Living Through Our Errors


It’s been a while since I wrote any­thing ser­ious about lit­er­ature, but recently I was reminded of an essay I wrote in 2008, about the ques­tion of author­ship in the cyber­punk works of Kenji Sir­atori. I never did any­thing with the piece at the time, but felt it was inter­esting enough to brush it up and give it another chance. In short, I ques­tion how we should apply the “death of the author” as pro­claimed by Roland Barthes to lit­er­ature that pro­vokes strong ques­tions about the nature of its own author. […Read more…]

Ludus Linguarum (This Is (Not) a Game)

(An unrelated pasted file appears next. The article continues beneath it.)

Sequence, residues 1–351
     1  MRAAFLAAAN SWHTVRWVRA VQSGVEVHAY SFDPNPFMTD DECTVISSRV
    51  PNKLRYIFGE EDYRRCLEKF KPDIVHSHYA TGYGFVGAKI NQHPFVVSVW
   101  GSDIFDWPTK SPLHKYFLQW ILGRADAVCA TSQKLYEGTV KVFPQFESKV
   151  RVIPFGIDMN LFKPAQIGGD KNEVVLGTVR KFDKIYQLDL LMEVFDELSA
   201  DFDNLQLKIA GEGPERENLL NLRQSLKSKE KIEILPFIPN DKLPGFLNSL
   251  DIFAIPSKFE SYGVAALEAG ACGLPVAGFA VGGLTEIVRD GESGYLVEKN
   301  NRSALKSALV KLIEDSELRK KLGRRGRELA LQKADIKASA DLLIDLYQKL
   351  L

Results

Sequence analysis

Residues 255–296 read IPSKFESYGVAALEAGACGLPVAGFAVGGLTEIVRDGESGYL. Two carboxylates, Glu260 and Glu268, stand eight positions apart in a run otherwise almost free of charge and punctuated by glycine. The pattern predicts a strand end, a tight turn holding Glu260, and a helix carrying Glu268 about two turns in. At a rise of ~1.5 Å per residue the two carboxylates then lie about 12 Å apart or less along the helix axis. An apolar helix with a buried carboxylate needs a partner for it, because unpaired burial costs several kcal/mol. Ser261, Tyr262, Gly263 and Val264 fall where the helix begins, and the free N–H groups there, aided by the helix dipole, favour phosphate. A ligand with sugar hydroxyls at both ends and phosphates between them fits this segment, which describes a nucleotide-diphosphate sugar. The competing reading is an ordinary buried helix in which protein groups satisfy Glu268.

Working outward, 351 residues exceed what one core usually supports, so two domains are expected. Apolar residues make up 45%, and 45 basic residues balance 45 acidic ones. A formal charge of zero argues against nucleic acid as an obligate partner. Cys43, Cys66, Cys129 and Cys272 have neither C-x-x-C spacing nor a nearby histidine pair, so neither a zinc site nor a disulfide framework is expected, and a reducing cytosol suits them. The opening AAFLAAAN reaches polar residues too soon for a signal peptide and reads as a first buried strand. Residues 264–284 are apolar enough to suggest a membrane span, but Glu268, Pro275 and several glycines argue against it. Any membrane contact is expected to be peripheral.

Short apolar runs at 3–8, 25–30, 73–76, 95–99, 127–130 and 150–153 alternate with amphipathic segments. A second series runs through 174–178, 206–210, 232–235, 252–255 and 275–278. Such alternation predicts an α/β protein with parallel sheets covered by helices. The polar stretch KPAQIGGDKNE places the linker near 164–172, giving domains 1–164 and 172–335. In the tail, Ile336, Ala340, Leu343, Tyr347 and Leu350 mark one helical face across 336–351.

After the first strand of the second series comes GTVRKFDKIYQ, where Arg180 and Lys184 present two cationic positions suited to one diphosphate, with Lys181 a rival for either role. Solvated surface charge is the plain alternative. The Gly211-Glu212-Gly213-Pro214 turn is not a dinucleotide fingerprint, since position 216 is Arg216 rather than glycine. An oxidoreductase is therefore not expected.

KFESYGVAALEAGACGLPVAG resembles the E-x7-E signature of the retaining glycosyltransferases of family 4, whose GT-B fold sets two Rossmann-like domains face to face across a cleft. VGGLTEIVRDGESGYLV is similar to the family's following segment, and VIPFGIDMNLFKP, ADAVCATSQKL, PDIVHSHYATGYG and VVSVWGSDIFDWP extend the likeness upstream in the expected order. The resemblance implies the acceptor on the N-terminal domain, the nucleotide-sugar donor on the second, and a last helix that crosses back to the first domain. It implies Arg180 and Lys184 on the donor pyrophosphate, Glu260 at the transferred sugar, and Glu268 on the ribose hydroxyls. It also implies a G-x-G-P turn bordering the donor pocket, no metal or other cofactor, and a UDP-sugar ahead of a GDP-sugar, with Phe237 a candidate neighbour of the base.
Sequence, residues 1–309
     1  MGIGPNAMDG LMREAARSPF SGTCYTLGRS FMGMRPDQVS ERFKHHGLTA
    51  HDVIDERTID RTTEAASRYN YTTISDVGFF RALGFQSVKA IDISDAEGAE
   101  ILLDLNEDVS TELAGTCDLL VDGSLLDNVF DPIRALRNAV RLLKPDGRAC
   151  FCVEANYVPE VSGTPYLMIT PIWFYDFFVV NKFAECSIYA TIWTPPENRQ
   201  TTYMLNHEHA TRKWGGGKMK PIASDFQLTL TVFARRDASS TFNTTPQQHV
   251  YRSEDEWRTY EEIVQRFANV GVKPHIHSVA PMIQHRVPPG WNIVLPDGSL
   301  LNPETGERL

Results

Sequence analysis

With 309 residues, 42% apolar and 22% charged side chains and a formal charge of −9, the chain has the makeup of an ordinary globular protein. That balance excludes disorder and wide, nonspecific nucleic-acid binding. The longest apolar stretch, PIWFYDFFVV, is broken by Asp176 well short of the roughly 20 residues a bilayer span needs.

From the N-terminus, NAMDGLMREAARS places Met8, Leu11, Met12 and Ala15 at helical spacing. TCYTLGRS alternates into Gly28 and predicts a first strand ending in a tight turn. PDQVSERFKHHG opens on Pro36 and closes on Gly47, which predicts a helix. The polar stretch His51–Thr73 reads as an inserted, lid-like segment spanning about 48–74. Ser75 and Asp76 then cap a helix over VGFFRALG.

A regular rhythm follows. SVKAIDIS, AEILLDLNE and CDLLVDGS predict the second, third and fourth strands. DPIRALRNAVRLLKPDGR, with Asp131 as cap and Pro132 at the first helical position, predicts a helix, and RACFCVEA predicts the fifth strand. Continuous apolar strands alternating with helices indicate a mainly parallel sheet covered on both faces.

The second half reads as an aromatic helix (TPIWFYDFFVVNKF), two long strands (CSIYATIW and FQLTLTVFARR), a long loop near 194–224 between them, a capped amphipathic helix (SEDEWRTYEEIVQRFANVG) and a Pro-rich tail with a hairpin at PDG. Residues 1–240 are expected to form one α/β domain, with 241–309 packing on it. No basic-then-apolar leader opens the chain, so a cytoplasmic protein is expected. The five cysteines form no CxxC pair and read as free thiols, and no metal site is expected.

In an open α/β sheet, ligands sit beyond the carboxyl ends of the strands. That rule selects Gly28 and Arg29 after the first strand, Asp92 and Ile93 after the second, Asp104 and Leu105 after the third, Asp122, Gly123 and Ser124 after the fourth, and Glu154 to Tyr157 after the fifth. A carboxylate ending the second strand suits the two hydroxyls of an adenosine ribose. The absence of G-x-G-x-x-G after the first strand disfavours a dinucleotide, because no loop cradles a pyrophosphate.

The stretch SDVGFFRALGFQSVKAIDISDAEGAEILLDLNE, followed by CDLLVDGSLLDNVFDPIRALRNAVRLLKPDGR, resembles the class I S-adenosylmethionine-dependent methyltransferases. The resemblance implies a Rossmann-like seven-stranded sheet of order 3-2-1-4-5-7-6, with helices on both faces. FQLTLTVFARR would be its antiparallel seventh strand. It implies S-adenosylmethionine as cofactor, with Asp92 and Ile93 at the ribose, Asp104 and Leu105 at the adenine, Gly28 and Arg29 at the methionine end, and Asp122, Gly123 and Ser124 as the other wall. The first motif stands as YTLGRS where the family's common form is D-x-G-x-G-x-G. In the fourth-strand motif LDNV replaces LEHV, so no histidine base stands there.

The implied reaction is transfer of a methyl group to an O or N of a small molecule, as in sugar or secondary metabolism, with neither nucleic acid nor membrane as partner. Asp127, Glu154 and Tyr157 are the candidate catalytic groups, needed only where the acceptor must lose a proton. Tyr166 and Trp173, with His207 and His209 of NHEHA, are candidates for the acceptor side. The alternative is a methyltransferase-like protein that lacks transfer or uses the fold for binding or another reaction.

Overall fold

It is a dis­cus­sion that crops up from time to time: what is a game? This would be a fairly aca­demic defin­i­tion ques­tion, were it not that it finds a much larger battle­ground mostly out­side aca­demia, where con­sumers and critics of video games are the par­ti­cipants. The direct cata­lyst for the most recent iter­a­tion of this dis­cus­sion was the release two days ago of Pro­teus, a game developed by Ed Key and David Kanaga. This work, as I briefly explained in my piece on Noctis, is all about free explor­a­tion of an island and its flora and fauna, about building a soundtrack by moving around. It is lim­ited in its inter­activity com­pared to many other video games, and this has sparked the dis­cus­sion on whether or not Key and Kanaga are right to refer to Pro­teus as a game. […Read more…]